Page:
Peck-Marked Vessels from the San José Market Street Chinatown: A Study of Distribution and Significance


DOI: 10.1007/s10761-005-8143-6

Cite this article as:
Michaels, G. Int J Histor Archaeol (2005) 9: 123. doi:10.1007/s10761-005-8143-6


Ceramic bowls and plates with Chinese characters pecked into their surfaces are documented on almost every nineteenth- and early twentieth-century Chinatown site in California. Typically, these vessels are said to bear marks of ownership, and further analysis has been uncommon. Given the socio-political atmosphere surrounding Chinese immigration and labor during this time period, as well as the cultural relevance of this marking practice, it is the author's belief that this explanation is incomplete. Through analysis of archaeological materials from the Market Street Chinatown in San José, California, this paper explores the possibility that Chinese immigrants were using and hybridizing the familiar Chinese cultural practice of marking vessels to aid in creating an environment within the Chinatown that was both more comfortable and more livable.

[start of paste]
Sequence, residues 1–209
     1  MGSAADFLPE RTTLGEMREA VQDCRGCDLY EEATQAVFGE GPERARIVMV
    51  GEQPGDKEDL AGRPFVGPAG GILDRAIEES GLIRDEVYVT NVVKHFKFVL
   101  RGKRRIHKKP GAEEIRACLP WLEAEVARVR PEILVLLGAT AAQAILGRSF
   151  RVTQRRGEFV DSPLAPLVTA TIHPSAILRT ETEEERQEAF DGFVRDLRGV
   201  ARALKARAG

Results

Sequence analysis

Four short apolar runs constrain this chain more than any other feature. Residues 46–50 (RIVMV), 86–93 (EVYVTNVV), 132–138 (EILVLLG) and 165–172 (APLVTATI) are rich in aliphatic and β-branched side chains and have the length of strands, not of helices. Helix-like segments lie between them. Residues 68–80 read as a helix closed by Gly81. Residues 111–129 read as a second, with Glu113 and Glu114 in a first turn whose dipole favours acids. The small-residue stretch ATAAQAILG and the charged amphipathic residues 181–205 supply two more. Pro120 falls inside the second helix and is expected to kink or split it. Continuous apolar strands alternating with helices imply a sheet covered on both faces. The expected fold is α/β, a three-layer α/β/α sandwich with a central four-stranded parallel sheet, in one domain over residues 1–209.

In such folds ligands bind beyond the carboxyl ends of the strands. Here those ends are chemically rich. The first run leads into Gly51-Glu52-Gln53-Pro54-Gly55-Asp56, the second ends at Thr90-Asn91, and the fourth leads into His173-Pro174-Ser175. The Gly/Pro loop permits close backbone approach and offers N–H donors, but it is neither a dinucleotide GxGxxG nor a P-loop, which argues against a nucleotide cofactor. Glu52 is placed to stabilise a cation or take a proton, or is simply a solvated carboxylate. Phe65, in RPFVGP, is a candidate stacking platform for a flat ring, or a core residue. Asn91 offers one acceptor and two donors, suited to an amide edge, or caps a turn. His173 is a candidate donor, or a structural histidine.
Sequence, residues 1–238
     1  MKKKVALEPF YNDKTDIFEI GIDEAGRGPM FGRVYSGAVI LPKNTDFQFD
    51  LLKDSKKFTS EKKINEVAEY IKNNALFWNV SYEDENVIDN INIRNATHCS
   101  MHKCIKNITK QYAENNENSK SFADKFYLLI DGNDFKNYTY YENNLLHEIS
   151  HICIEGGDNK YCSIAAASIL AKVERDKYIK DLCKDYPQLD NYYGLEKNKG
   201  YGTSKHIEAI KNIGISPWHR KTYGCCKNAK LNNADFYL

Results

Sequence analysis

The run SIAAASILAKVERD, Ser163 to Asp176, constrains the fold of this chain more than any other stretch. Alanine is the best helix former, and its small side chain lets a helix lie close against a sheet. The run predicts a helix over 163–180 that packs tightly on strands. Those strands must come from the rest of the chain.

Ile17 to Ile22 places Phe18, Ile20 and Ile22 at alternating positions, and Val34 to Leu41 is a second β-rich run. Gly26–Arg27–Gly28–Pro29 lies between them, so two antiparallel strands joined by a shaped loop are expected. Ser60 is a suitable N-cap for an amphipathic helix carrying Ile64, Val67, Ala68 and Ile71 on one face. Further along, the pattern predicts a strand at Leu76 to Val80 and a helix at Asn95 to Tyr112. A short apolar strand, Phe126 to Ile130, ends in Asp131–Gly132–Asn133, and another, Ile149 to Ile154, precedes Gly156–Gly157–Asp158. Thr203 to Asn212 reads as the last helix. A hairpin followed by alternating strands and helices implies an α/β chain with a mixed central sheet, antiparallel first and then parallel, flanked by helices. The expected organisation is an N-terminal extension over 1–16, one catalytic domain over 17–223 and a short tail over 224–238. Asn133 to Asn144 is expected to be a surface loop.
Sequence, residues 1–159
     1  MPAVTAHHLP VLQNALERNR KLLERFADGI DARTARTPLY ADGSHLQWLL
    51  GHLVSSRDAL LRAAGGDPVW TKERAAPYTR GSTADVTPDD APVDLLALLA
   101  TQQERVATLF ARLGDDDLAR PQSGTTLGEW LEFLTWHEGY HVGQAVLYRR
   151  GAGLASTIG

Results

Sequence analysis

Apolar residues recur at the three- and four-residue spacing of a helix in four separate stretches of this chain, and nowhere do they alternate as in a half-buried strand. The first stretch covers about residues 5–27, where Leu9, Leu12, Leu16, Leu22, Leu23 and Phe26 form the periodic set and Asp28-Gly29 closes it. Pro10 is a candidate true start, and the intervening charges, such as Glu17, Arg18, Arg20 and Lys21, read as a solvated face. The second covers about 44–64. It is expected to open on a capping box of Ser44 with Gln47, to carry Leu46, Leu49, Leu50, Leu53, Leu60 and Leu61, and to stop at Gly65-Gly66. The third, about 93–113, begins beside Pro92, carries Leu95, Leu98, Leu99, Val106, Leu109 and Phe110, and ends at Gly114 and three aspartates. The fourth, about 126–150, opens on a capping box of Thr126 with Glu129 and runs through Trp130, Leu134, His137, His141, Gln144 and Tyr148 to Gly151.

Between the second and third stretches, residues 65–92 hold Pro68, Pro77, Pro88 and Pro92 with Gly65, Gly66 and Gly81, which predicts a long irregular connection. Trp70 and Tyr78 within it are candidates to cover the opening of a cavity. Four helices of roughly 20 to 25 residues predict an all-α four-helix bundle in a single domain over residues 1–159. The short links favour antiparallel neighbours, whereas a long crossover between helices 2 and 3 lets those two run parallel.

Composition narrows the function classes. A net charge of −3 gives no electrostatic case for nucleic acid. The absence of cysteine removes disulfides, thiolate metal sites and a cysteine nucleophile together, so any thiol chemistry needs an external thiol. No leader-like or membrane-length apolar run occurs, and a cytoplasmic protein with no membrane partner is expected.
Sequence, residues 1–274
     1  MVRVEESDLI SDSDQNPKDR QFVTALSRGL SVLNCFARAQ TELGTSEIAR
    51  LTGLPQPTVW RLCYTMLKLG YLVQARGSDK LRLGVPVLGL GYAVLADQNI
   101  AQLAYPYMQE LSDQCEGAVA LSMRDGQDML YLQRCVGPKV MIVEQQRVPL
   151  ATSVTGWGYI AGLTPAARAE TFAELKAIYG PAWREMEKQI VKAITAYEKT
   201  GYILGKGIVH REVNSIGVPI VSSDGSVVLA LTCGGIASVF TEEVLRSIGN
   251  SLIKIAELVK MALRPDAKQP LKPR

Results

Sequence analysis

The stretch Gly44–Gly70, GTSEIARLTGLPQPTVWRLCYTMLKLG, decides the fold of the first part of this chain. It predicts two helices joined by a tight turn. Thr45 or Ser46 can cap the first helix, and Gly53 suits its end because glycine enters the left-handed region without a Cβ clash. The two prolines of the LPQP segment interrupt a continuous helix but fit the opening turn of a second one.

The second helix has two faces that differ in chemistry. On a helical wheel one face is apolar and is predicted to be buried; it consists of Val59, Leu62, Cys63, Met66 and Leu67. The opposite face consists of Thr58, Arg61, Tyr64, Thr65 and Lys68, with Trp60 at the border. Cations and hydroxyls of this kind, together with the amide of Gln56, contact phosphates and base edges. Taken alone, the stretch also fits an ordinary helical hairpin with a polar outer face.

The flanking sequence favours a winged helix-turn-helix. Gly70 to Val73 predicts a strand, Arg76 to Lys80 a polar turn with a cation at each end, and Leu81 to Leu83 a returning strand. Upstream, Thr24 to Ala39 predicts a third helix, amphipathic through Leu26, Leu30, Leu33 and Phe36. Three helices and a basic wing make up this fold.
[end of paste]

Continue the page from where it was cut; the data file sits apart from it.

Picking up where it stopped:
Chinatown porcelain peck marks hybridization 

Copyright information

© Springer Science + Business Media, Inc. 2005

Authors and Affiliations

  1. 1.Department of ArchaeologySimon Fraser UniversityBurnabyCanada

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